Reverse-osmosis treatment systems offer multiple stages of filtration to remove sediment, minerals, trace metals, and even some bacteria and viruses from water. Because this is an advanced water treatment system, it typically costs more than a water conditioner or water softener.

What If My Water Softener Still Leads To White Film On Dishes?

While there are many benefits to having a water softener, there are some instances where it won’t prevent scale buildup on your dishes. This is why it’s important to find the right size water softener and keep up with its maintenance to ensure it works properly.

Wrong Type of Salt

There are many types of water softener salts on the market. The most common options that work well with most water softeners are the extra-coarse and pellet options. Just avoid using rock salt, which is not as refined as salts made for water softeners and can lead to buildup.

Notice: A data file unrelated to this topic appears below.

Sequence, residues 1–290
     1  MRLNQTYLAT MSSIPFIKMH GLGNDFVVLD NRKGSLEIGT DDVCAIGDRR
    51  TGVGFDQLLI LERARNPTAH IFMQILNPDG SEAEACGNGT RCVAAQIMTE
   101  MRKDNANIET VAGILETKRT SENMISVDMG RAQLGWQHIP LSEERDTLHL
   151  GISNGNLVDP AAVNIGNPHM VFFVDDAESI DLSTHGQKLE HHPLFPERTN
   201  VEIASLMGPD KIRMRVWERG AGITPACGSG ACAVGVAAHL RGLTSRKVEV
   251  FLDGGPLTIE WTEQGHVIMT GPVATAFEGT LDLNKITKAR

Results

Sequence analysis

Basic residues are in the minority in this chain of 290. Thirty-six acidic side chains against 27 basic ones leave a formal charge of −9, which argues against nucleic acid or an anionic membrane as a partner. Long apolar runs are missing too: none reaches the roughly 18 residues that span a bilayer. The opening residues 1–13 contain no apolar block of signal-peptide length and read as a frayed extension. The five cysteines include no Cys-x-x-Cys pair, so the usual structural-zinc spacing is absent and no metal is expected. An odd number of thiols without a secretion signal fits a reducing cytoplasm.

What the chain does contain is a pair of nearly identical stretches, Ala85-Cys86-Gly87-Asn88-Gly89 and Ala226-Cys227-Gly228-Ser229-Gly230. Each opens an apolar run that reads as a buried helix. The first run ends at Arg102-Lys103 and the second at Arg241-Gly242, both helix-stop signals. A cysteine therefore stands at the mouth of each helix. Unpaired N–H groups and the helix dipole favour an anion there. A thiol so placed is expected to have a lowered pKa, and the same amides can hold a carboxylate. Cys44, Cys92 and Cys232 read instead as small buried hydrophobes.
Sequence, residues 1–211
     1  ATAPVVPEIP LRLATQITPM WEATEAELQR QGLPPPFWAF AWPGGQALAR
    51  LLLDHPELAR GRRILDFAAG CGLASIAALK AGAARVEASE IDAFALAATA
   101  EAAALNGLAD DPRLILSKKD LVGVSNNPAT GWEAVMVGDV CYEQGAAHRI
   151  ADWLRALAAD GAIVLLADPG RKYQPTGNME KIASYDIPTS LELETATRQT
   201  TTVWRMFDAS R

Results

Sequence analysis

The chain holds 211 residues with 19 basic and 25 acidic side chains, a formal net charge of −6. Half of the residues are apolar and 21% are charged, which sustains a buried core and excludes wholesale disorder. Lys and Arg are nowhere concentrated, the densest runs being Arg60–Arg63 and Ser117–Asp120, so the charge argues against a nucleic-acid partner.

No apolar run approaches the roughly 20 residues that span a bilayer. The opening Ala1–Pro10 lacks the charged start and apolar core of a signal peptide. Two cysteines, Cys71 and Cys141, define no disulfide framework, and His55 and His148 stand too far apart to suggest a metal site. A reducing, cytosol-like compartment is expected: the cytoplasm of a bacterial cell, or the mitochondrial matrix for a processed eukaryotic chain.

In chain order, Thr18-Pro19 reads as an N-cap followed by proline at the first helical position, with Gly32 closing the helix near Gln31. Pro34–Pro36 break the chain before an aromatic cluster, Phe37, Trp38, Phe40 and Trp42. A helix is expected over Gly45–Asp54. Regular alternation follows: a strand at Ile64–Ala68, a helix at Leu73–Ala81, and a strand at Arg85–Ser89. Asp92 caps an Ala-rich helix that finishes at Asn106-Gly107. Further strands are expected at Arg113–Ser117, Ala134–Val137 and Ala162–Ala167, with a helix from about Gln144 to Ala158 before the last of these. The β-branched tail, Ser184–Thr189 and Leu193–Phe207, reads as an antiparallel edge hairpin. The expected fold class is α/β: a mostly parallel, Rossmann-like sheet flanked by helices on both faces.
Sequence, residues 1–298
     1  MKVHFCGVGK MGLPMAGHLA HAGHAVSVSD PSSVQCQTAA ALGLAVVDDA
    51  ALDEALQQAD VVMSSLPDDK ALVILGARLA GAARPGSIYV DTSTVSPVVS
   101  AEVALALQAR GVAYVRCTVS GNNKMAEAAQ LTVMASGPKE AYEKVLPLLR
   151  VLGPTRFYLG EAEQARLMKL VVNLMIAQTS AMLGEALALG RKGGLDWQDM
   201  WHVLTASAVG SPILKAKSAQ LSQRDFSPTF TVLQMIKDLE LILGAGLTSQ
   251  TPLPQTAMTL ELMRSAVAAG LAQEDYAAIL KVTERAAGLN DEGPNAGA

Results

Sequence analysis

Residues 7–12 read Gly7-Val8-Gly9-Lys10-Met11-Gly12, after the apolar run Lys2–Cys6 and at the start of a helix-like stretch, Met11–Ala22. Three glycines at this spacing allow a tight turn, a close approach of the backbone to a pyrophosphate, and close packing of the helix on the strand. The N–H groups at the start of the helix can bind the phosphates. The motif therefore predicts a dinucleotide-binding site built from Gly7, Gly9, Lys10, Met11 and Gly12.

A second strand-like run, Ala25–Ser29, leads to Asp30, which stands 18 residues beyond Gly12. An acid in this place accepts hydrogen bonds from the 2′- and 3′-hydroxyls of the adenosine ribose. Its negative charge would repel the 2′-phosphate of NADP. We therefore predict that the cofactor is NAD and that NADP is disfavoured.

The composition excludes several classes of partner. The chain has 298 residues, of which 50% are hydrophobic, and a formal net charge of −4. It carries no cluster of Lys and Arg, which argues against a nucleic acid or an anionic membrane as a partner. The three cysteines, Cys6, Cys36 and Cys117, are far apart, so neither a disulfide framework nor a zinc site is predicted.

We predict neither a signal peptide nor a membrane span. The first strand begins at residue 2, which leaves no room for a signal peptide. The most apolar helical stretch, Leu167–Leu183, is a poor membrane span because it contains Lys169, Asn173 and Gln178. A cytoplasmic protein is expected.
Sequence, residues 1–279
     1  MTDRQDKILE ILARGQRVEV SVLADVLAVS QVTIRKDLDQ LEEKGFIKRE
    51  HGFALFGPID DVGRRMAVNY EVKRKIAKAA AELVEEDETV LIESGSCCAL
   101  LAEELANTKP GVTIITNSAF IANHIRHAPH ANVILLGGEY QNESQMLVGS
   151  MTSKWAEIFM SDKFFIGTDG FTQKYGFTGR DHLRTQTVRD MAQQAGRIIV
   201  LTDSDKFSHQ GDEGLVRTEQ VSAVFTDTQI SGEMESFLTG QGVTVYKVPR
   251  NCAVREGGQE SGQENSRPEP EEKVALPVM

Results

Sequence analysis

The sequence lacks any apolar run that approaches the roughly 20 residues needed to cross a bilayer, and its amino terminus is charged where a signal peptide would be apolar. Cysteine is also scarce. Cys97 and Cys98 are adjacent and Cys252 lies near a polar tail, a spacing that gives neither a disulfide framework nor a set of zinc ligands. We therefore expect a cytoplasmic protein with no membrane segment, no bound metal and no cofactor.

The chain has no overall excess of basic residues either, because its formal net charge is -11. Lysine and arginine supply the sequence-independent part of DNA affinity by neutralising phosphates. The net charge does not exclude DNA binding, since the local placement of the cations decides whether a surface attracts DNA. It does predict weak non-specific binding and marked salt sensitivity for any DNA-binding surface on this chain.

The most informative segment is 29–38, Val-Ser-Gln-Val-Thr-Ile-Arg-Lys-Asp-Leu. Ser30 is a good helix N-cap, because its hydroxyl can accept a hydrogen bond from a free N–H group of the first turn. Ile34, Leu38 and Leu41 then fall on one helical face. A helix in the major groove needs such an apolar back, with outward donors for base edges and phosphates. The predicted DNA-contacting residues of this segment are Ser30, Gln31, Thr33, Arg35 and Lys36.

Salt Bridging

Salt bridges can occur in the brine tank when exposed to high humidity. This salt bridge will prevent water from reaching the salt, which is necessary for the ion exchange. To remove a salt bridge, you’ll need to turn off the water, then very gently chip away at the bridge and rinse it with warm water to dissolve the salt. Then, you’ll need to go through a regeneration process and add new salt to get your water softener operating back to normal.

Salt Mushing

Salt mushing is when salt that had formerly dissolved in water re-crystallizes at the base of the brine tank. This usually happens when the temperature around the water tank suddenly decreases. While salt bridging is normally an easy DIY fix for most homeowners, salt mushing is trickier. You’ll need to remove the brine tank and the water inside, remove the re-crystallized salt chunks at the bottom of the tank, then wash and reconnect the brine tank.


Like just about everything in your home, your water softener needs regular maintenance to perform properly. Clean your water softener tank every five to 10 years. The tank may need annual cleaning if it is older than 15 years.